By the definition of , we can see that no matter what the vector set is, is always true for any two words , ; and is always true for any word .
Therefore, the problem to maximizing for each specific word is equivalent to a constrained optimization problem that can be directly solved by the method of Lagrange Multiplier: Given a set of integers ( for ), we want to find non-negative real numbers with the constraint , so that the product
Now, define the Lagrange function to be:
According to the method of Lagrange Multiplier, if is a solution to the initial optimization problem with constraint, then there exists a such that
Solving the above formula, we obtain a system of equations with equations and variables:
Taking the first two equations, we can get that
Dividing by the common factors, we can obtain that , which indicate that . That is, , which can be directly generalized as for any . Therefore, we can obtain that . Finally, taking the last equation , we can get that
But taking each back to , we can easily see that
where is the number of times the word appears in the training corpus. Now, notice that the term means: the number of times word appears in the context window of the word over the total amount of context the word has. That is, the probability of the word appears in the radius-c context window of the word , which can be regarded as a ground-truth probability decided by the training corpus. We use to represent this probability.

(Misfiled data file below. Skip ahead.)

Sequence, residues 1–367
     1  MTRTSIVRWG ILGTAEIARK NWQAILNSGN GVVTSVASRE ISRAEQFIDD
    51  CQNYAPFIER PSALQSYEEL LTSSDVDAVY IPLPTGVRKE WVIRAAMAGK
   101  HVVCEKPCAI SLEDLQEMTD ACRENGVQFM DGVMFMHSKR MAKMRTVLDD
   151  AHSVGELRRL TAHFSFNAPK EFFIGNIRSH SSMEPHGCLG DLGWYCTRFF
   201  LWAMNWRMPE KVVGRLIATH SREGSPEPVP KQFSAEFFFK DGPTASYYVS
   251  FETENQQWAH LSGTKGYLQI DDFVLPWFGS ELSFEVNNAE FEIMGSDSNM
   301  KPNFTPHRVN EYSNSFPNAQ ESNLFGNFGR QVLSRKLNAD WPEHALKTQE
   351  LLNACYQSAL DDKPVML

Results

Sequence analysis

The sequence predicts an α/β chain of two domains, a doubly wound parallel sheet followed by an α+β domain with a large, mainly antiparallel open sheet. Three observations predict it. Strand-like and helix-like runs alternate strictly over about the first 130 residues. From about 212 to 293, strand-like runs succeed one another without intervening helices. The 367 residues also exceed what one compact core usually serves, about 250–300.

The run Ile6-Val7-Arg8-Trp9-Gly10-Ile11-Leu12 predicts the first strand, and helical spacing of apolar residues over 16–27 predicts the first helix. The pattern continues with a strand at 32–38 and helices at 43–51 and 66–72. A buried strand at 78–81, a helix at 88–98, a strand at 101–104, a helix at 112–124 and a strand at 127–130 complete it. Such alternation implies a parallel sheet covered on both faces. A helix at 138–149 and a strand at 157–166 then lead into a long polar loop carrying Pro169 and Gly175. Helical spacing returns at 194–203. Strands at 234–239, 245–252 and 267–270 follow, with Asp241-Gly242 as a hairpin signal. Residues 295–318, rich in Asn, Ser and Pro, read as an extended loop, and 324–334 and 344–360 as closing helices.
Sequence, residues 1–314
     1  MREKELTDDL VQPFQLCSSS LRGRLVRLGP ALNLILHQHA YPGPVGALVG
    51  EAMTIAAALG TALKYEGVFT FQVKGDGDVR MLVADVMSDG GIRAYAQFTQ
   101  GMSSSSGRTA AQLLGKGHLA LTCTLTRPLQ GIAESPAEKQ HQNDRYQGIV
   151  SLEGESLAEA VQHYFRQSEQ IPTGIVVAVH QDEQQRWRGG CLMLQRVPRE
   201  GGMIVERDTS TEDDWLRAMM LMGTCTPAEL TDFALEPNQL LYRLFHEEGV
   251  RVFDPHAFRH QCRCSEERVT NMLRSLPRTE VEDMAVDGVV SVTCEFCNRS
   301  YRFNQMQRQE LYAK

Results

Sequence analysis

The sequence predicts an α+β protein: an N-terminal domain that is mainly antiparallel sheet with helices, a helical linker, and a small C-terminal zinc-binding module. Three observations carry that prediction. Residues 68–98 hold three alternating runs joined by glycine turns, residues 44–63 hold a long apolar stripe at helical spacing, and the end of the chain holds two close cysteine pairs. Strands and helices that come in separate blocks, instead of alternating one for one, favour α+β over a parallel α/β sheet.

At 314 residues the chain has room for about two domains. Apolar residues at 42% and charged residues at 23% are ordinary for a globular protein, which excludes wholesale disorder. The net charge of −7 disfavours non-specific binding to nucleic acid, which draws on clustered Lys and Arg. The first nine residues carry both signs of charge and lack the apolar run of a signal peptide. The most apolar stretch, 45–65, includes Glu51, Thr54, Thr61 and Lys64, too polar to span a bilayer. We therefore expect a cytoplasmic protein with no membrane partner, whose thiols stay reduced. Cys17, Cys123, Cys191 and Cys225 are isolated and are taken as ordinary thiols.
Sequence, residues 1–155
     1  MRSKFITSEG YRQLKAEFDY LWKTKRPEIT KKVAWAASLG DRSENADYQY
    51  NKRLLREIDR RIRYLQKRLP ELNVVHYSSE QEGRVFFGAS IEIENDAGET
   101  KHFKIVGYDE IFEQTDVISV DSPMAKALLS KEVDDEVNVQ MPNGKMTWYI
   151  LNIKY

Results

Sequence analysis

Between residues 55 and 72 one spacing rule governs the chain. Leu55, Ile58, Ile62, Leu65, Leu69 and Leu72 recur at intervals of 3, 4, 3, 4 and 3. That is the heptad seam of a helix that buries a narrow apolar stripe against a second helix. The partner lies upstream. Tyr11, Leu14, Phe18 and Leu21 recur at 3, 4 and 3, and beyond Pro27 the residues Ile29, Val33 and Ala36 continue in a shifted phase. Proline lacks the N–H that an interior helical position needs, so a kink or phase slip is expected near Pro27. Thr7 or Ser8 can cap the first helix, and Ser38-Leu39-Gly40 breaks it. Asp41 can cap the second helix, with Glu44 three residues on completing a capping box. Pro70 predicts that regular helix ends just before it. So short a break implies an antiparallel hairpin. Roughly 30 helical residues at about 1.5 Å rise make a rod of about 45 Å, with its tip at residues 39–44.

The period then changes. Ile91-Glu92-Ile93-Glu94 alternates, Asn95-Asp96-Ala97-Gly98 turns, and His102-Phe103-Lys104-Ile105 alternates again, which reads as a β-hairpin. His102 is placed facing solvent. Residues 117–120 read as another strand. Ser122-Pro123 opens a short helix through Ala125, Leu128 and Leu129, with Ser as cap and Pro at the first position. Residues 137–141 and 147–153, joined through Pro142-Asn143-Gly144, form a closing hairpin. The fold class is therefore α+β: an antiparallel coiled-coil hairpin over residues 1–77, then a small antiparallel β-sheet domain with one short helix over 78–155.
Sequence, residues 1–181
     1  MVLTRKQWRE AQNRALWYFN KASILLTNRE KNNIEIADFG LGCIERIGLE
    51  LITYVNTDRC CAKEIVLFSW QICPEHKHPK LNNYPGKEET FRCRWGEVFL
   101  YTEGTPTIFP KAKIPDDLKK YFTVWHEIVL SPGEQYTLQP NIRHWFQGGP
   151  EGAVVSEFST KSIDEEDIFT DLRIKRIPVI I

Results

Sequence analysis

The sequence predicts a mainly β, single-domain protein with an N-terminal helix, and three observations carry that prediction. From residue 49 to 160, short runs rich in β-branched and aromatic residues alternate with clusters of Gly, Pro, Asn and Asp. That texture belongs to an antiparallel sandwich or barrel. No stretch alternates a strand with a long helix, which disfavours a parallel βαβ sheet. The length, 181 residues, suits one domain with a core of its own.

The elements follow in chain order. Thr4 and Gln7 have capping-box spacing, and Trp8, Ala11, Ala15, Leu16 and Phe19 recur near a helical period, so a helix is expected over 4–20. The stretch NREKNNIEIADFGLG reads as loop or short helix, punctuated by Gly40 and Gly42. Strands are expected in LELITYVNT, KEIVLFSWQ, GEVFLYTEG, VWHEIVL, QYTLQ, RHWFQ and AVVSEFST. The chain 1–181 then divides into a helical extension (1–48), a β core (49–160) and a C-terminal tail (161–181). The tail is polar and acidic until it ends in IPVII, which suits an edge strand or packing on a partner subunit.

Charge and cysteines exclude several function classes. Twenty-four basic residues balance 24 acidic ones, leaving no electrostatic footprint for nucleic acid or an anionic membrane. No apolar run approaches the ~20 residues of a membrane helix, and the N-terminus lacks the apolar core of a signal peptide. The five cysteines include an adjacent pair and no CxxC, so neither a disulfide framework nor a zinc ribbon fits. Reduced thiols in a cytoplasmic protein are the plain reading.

As a result, we obtained the solution on maximizing for each word . That is, we want the vector set satisfices:
This means that: In order to maximize for each word , the input and output vectors should make the estimated probability coincide with the ground true probability for all the word in the dictionary.
As a result, here we provide our conclusion on the global optimal solution of the skip-gram model with word2vec:
Given the word training corpus and its corresponding dictionary , the average log probability
of the skip-gram model is maximized, when the input and output vector set makes the estimated probability equal to the ground-truth probability for any two words , in the dictionary. That is,
for any , where is the number of times the word appears in the radius-c, center-removed window of the word throughout the training corpus, and is the number of times the word appears in the training corpus.